How many times a year can you use saffron-based preparations like tahini, curried potatoes and yogurt? Do you know what you are working with? And even if you do, how often will your kitchen be open to your guests? How might you know that you must be prepared as such? And of course the answer is none.
You have to know your products, and you have to know if your cookware is strong enough. And all this, as we all know, is a problem for the kitchen that has the potential to make food taste like garbage. What you have to realise is that you have to put it in place, make it so that it meets your expectations, then use it only to create something you like. And this can happen through a combination of things – from cooking and eating to baking and preparing. Here are my recommendations and tricks for creating dishes that have the potential to please.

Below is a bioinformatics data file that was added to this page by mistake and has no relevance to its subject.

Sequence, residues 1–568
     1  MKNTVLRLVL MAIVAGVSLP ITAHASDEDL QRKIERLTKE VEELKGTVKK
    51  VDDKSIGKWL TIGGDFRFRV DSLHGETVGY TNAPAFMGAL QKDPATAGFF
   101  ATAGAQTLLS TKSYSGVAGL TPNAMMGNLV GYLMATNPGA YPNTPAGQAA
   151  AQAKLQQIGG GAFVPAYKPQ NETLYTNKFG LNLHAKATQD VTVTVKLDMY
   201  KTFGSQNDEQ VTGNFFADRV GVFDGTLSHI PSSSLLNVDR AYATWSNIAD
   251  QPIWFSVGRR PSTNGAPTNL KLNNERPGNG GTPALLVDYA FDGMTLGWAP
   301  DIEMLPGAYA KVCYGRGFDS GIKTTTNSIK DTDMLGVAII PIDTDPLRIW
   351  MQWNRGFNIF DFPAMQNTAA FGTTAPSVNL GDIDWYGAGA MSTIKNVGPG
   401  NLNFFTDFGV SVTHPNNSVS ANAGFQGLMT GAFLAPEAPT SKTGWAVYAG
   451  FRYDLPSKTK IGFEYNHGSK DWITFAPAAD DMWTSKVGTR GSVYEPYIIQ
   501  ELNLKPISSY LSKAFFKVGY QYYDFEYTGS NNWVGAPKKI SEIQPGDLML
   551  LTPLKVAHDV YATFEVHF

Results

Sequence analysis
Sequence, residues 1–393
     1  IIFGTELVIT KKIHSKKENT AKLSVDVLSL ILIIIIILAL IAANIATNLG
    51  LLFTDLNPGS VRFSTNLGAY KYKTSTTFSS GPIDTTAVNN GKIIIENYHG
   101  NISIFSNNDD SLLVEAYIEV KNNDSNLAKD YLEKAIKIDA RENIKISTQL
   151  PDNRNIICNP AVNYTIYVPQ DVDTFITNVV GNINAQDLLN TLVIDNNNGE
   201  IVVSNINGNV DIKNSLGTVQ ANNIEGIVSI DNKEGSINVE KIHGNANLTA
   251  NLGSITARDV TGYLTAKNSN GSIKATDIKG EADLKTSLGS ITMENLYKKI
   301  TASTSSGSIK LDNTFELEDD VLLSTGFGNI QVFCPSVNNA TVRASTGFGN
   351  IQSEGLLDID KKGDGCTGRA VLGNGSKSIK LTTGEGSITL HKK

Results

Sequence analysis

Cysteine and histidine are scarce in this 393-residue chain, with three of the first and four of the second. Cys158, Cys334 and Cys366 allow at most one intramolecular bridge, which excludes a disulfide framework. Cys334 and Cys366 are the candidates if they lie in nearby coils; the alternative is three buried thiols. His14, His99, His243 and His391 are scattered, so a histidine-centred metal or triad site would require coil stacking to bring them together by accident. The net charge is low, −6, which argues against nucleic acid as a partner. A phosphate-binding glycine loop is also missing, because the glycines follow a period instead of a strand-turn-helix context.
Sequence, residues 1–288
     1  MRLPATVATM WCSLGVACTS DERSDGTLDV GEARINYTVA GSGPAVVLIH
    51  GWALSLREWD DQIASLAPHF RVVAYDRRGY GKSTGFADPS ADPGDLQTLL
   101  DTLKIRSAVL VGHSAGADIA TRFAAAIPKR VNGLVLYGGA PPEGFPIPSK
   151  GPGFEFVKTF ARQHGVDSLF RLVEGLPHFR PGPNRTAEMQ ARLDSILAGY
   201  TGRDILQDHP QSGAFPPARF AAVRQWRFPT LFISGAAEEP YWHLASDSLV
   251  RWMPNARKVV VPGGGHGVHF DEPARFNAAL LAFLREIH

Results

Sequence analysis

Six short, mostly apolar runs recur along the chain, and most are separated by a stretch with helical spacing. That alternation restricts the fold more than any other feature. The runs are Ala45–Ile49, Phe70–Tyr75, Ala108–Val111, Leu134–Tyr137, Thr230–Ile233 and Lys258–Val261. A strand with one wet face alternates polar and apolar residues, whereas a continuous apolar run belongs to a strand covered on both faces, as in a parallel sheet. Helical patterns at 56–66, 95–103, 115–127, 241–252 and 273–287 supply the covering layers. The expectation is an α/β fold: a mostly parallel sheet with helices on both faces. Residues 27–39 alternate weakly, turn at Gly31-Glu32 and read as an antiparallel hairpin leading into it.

1. Make the ingredients for the dish. Cooking is the easiest part of the recipe, especially if you haven’t mastered the technique of cooking as you know it from cooking. But you need at least an hour to find the right oil, mix the spices and finally make the dish with your own hands.
2. Cooking is like magic. Every minute can make a difference, and I mean every minute. It’s the difference between what you can taste during your meal on a first pass and what you are left with. For example, you might be cooking on low heat with a sauce. A bit of oil goes in, spices in, and it’s done. But the last part of the sauce is left and you want more. So you add a bit more oil, and you want it to be a bit less hot. You might want to reduce the spices to get more spice in the final taste. So you have to cook a little bit more or you lose some of the flavour. Cooking is so magical that you never get exhausted by time.
3. Cooking is a journey. It can’t be the one. And in cooking there are some other elements to make the journey interesting too.
For many years I’ve lived in France, and cooking has, for the most part, been my life, but cooking with other people has always remained very important to me. I love mixing up different flavours and different textures. It is my way of communicating, and it makes what I do really enjoyable.
When I live in Italy, it’s less the case.
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